Percents Greater Than 100

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Objective

SWBAT estimate using percents greater than 100%.

Big Idea

What is the difference between 150% and ½%? Is there a difference? Really?

Launch

5 minutes
  • POD

As students enter the room, they will have a seat, take out their Problem of the Day (POD) sheet and begin to work on the question on the SMARTboard. The POD allows students to use MP 3 continually based on the discussions we have about the problem each day.

Since we have worked with estimating percents, we are going to begin working with percents greater than 100%.  I want students to start by thinking of concepts we have already covered. Having them spend time thinking about possibilities for percents greater than 100% sets a good foundation for the activity during class today. We can discuss the differences between percents greater than and less than 100% to frame our classwork.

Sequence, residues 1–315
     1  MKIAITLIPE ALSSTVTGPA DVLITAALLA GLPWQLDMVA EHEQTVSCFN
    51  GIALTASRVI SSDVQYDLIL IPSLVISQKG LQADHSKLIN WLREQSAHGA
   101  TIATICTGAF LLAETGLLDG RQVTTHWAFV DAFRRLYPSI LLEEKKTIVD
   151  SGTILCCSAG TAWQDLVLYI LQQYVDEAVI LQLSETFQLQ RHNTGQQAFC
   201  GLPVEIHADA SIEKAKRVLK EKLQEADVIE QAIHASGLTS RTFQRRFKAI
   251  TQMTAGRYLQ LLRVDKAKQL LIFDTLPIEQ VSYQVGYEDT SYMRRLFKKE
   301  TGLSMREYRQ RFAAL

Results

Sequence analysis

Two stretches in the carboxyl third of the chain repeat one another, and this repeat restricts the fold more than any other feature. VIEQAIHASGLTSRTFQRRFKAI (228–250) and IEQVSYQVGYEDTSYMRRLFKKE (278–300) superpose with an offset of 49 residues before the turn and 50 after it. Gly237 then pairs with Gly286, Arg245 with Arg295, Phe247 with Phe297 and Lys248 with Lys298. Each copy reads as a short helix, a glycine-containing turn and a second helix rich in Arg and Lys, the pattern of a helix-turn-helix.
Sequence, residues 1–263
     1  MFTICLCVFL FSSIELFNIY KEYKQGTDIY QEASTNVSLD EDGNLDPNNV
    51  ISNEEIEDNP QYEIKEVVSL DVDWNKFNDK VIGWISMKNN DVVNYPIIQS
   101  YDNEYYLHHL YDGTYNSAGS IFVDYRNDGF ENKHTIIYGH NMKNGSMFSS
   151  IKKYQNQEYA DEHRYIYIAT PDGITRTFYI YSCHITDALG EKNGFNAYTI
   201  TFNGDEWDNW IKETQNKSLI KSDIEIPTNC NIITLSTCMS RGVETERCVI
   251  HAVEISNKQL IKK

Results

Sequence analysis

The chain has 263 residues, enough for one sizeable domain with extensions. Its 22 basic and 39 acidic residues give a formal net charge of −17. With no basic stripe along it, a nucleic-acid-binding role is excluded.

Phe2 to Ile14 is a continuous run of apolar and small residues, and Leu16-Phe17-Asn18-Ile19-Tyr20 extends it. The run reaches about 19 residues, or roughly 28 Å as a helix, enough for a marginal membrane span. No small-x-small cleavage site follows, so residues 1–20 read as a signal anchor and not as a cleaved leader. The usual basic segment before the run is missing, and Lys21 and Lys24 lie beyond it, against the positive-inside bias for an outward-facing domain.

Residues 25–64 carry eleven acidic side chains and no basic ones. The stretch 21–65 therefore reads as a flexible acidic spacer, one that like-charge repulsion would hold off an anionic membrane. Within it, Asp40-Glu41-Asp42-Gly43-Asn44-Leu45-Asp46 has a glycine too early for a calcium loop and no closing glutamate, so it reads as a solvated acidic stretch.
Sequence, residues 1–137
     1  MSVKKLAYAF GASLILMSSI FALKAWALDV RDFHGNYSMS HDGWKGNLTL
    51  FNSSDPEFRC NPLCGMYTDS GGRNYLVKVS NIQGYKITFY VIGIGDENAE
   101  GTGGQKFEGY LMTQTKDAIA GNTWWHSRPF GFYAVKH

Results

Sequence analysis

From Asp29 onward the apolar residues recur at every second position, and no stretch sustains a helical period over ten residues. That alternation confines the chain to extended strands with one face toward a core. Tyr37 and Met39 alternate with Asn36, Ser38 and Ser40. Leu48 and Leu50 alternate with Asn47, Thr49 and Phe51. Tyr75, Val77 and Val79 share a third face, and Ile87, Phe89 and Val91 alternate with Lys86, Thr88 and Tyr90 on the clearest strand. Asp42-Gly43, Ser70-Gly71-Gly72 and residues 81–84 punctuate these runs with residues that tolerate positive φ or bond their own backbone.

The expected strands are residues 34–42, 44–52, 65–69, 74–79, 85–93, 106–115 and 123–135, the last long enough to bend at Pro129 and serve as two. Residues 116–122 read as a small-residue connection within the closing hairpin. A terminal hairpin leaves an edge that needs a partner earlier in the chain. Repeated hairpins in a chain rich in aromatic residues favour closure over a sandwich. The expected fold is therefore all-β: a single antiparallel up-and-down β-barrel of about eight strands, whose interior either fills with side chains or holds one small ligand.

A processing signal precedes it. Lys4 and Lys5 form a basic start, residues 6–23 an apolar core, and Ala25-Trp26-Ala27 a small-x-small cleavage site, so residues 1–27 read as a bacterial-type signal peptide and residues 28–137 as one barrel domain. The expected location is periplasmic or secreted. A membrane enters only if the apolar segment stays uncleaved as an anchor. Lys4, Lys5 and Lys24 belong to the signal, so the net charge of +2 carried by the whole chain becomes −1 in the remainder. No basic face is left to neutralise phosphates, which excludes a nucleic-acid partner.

When might you need to round to the nearest 100%?

Explore

30 minutes

We will take notes and work through practice examples together as a class to establish some foundation and a level of comfort for estimation before we begin to work individually or in groups. I want to make sure that I have an opportunity to address any misconceptions that might arise. Working with percents greater than 100 sometimes causes students some confusion. They are not always ready for the idea that percents greater than 100 result in a number larger than the original number. I want to make sure we can address that as a group before habits are formed incorrectly.

Landing

5 minutes

To end the class, students will respond to an exit ticket that will serve as a formative assessment for what we did in class today. I want to gauge how comfortable students are with working with smaller percents. If we have a percent that is not as common as 50% or 10%, are they comfortable with making estimations? Using the responses, I can choose an approach to use as a My Favorite No to begin the next class.

Find about 1.4% of 25. Tell what steps you used to find the answer. Describe a situation when you might need to find an estimate for 1.4% of 25.